The lawsuit was filed in the U.S. District Court, Western District of New York in Buffalo against Continental Airlines, Inc. (Texas); Pinnacle Airlines Corp. (Tennessee); Colgan Air, Inc. (Virginia); and Bombardier Aerospace Corporation (Texas).
The complaint alleges that the flight crew lost control of the aircraft due to, among other things, a combination of airfoil icing, negligent actions of the flight crew and an inadequate, defective, de-icing system and flight control system of the aircraft.
Details of the lawsuit include allegations that the airline negligently, carelessly, and recklessly operated and monitored flight 3407 and flew it into icing conditions, knowing the aircraft was equipped with ineffective de-icing equipment, and had negligently failed to properly train the crew of flight 3407 to operate the aircraft in such circumstances.
The suit alleges that, among other things, Bombardier's Dash 8-Q400 aircraft which crashed, was defective in its design and manufacture, had a defective deicing system, a defective flight control system and was unreasonably dangerous to fly in such dangerous icing conditions as was the case on the night of the crash.
An absence of adequate warnings and instructions regarding such dangers were among the allegations as well.
The Continental Airlines flight was actually operated by Colgan Air under the name Continental Connection. Pinnacle owns and operates Colgan Air. Each of those airlines are authorized air transport common carriers and owed a duty to operate the flight and maintain the aircraft with the utmost of care and to the highest degree of safety.
The family's attorney, Ronald L.M. Goldman, a pilot and veteran airline disaster attorney, said there are two primary reasons this lawsuit was filed. "This lawsuit will enable us to explore the causes of this needless tragedy. From the moment flight 3407 was dispatched into known icing conditions with an antiquated deicing system, to the time the pilots deployed the aircraft's flaps, and at several points in between, the flight was doomed as a result of the negligent conduct of the parties we sued. A primary objective will be to expose the conduct that brought about this catastrophe, toward the end that a crash of this nature will never again occur. Of equal importance, we are also seeking reasonable, fair and just compensation for Jonah and Jacob's enormous loss."
"Their mother was well known and loved throughout the Amherst community. She was the primary support for these young men, whose future has now been brutally altered by this tragedy." Goldman also believes the facts will show that there were a host of reasons this crash was avoidable.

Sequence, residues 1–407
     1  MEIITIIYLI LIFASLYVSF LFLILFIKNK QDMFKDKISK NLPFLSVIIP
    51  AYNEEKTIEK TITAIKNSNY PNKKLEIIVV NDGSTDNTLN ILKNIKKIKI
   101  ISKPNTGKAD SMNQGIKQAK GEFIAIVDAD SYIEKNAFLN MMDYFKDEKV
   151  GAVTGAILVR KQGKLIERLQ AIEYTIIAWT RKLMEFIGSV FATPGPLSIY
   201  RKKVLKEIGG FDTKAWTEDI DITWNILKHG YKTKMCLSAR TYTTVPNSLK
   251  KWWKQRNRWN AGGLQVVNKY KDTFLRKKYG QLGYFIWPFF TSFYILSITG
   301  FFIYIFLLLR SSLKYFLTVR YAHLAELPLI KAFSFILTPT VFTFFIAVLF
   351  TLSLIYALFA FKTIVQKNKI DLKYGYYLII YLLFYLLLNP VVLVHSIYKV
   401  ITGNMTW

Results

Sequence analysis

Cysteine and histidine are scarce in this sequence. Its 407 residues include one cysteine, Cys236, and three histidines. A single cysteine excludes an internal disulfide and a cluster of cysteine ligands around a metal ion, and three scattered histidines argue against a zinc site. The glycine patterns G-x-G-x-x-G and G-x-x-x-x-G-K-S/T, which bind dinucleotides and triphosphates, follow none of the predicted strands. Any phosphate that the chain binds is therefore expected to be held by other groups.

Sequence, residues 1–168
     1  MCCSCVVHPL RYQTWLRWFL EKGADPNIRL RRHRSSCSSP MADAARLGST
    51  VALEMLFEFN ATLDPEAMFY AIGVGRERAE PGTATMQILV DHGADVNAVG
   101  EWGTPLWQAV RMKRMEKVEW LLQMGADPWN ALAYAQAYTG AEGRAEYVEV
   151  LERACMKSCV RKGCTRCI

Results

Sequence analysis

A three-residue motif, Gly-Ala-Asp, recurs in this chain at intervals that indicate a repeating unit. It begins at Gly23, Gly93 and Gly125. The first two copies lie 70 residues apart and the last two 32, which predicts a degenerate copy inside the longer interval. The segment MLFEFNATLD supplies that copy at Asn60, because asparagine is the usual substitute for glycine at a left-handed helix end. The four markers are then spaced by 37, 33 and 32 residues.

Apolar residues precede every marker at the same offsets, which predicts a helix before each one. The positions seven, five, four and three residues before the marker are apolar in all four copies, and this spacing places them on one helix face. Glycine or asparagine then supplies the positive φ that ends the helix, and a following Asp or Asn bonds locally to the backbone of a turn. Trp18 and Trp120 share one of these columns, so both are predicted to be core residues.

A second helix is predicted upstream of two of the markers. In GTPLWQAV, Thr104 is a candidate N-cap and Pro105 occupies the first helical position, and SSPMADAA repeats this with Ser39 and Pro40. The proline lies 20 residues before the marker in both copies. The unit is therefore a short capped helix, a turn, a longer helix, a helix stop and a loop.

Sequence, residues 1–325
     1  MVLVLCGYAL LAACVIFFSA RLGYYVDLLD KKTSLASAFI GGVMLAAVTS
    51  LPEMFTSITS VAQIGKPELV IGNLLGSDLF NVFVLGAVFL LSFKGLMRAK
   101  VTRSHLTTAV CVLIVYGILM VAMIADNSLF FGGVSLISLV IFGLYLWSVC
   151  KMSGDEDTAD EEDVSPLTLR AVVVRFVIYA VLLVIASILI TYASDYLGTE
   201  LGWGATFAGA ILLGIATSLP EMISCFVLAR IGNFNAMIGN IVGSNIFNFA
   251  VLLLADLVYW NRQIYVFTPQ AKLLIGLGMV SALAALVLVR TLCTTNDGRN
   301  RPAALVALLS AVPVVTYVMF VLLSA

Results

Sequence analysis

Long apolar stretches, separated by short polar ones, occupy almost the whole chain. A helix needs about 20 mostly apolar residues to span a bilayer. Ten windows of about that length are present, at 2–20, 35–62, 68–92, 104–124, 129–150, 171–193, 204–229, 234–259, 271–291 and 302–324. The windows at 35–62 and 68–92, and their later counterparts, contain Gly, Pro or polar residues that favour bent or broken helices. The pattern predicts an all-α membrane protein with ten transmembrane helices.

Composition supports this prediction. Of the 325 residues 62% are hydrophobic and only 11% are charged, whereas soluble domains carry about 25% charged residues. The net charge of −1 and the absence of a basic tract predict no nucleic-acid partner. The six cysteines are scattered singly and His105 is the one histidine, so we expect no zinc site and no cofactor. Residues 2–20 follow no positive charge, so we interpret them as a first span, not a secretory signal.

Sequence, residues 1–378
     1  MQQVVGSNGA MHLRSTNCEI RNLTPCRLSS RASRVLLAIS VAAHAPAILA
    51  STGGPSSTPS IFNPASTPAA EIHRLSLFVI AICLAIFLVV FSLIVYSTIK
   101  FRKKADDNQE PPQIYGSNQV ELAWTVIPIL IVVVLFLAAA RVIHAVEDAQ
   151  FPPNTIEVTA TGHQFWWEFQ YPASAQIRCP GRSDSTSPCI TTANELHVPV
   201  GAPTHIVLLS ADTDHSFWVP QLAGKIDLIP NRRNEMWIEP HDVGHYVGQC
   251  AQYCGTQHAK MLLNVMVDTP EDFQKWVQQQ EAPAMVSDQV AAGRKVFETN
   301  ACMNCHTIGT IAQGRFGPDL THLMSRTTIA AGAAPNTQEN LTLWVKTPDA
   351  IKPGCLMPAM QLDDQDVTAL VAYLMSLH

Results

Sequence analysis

About Susan Wehle
Susan Wehle, 55, mother, spiritual leader, actress and musician, was a beloved cantor at Williamsville's Temple Beth Am synagogue for the past seven years. Six hundred people gathered at the temple to mourn her loss less than 24 hours after the crash when they learned she was one of the passengers onboard the commuter flight. More than a thousand people attended her funeral just days later.
Wehle, known for her interfaith work, had a Judaic Studies degree and taught musical and spiritual workshops, conducted youth and adult choirs, and performed in concerts in the U.S, Canada and Israel. She also had a degree in acting and performed with theater companies in New York and Chicago.
She had recorded a CD called "Songs for Healing and Hope" inspired by her visits to the sick and dying. She was the daughter of Holocaust survivors and had previously served as a cantorial soloist at Temple Sinai in Amherst for 9 ½ years. She left a legacy of peace and understanding.
In addition to her sons, Wehle is survived by two sisters, Eva Friedner and Dana Wehle, and a brother, John Wehle.
About Ronald L. M. Goldman
Ronald L. M. Goldman is a New York native, pilot and a veteran trial lawyer based in Los Angeles. He is board certified as a civil trial lawyer, certified by the National Board of Trial Advocacy, with 37 years of experience handling airline disasters.
Mr. Goldman created and taught the course on Aviation Accident Law at Pepperdine School of Law where he worked as an adjunct law professor for 21 years.
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Ron was the lead negotiator in one of the firm's most significant aviation litigation achievements when he won, as part of the settlement agreement from the January 8, 2003 Air Midwest Flight 5481 crash in Charlotte, NC, the agreement of the airline and maintenance company, in an organized ceremony, to deliver an unprecedented official public apology to the families for the crash. Goldman also served on the Plaintiffs' Executive Committee for the September 11, 2001 aviation tort litigatio